I always knew NZIER focussed only on economics rather than on a more holistic view of life and living standards, but I also thought it was somewhat objective. Now I realise it's become a campaigning arm for the right wing economic viewpoint that spouts ever lower taxes on corporates, less regulation and less income sharing.

These NZIER methods aren't going to grow anything other than harm and inequality. If we want growth, we should encourage sharing, because if everyone benefits from growth, then everyone will contribute to it. And what the Hell is wrong with Government investment in "rail or banking"? If the government hadn't invested we wouldn't have a rail network, airline or highly successful New Zealand bank.


Saturday, November 17, 2012

Silly MBIE

What’s the point of the new Ministry of Business, Innovation and Employment? What sense is there in squeezing together the disparate organisations of Building & Housing, Science and Innovation, Health & Safety, Employment Relations, Immigration, and Economic Development into one ‘super’ ministry?

Joyce says that, “the new Ministry of Business, Innovation and Employment will help the Government’s business growth agenda by implementing integrated policies to build a more competitive and internationally-focused economy”, but if we want joined up policy across government and industry sectors, let’s create a central policy think tank that can operate across government and sectors, like the private think tanks do; let’s not unify the operational arms of disparate organisations to make a super organisation – that’s just plain dumb.

Joyce says that, “at present when businesses engage with government they work with multiple government agencies, which takes away valuable time, as well as incurring unnecessary duplication of effort.” But this is rubbish. New Zealand has the greatest ease of doing business of anywhere in the world. The idea that we don’t, and that this needs to be corrected, is a myth, a straw man that Joyce has erected as another excuse to proceed with his damaging pet project.

We all know that big, diverse organisations don’t work well; while small, lean organisations do. The private sector does poorly when it lumps together diverse corporations, and so does the public sector. MBIE isn’t a giant oil company, multi-national food product producer or media conglomerate, it doesn’t have the commonality of business that these large organisations need to succeed. MBIE should not be; the diverse organisations that comprise it should stay separate, and in fact should separate further to be leaner, more efficient organisations highly specialised in their fields of operation.

Joyce’s idea that MBIE will be, “a single focused business-facing government ministry,” is ludicrous - it’s not desirable to have such a single focus even for economic development, let alone science, innovation, health, safety, immigration and employment relations. The point of government is to enable the fulfilment of every member of society, and that isn’t achieved through focussing only on business.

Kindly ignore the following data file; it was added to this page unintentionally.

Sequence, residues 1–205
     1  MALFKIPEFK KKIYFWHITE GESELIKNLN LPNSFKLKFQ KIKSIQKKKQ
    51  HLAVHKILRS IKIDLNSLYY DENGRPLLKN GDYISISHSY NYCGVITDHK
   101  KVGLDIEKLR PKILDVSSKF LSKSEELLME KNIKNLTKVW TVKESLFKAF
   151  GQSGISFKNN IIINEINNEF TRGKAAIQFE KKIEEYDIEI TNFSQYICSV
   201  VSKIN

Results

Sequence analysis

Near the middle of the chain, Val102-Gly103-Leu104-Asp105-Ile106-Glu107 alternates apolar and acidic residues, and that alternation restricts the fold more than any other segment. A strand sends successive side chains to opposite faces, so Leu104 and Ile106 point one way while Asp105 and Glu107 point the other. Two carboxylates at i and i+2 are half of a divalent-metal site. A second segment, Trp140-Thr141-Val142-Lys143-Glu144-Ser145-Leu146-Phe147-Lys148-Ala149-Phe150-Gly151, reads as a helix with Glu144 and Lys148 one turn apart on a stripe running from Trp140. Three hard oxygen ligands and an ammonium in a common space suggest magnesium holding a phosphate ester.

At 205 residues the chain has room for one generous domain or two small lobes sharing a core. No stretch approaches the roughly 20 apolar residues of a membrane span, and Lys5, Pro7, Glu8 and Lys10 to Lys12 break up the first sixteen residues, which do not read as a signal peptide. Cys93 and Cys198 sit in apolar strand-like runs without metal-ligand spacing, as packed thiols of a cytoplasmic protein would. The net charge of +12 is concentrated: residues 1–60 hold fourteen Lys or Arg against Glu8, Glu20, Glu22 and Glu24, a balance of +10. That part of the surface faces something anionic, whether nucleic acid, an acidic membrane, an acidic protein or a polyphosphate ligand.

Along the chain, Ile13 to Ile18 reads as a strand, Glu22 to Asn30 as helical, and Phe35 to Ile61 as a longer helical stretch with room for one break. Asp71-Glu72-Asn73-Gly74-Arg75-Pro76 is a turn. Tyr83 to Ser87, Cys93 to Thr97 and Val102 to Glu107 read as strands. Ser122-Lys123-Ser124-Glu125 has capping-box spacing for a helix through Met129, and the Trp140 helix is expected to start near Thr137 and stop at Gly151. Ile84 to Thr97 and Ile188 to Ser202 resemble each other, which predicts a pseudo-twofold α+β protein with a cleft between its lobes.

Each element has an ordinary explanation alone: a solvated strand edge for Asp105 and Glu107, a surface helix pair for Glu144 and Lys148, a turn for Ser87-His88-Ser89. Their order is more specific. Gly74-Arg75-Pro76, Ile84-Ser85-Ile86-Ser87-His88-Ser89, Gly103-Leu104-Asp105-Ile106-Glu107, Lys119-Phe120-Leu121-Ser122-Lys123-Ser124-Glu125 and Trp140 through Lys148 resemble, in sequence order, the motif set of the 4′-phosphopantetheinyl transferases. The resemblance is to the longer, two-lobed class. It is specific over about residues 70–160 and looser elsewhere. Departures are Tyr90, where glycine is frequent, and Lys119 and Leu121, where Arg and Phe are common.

And even if every organisation had a single, common, over-arching focus of fulfilment without harm for everyone, that still wouldn’t require merging these organisations physically into a giant one. No, specialised, separate organisations work better, even, in fact especially, when they share a common purpose. In short, the MBIE merger is unnecessary, and what's worse, a lot of people are going to be hurt because of it – just what government shouldn’t be doing.

Quotes from:


Why Is Key Right & Wrong?

He’s right because he believes everyone wants to be completely individual and independent from the state, but he’s wrong, because he believes this can happen naturally within capitalism. It can’t. Capitalism doesn’t distribute incomes equitably. It requires a shared base income so that everyone has the opportunity to make their best contribution at every stage of their lives. This doesn’t require greater government, it requires greater income sharing. There's a difference.


Thursday, March 29, 2012

Doing More Than What Needs To Be Done, Before It Needs To Be Done

If government organisations only did what needs to be done, a lot less effort would be wasted, they would be far more efficient, and very many less hours would be required to get necessary and timely work done.

Instead most public sector managers focus on trying to do as much as possible to ‘prove themselves relevant’ to ministers. Most of this work never reaches the minister. Most of the work is done before it needs to be done, and when it comes time for some work to be done, it is found that the work done before it was known what was needed, is irrelevant. That is the danger of second guessing what needs to be done before it is needed and doing it immediately – this work is almost always wasted effort, but most public sector managers can’t resist doing ‘anticipatory’ work.

It’s also why most of the public sector doesn’t become more efficient on its own, because most public sector management keeps on making more and more work for itself in anticipating work, that in the end, actually never needed to be done.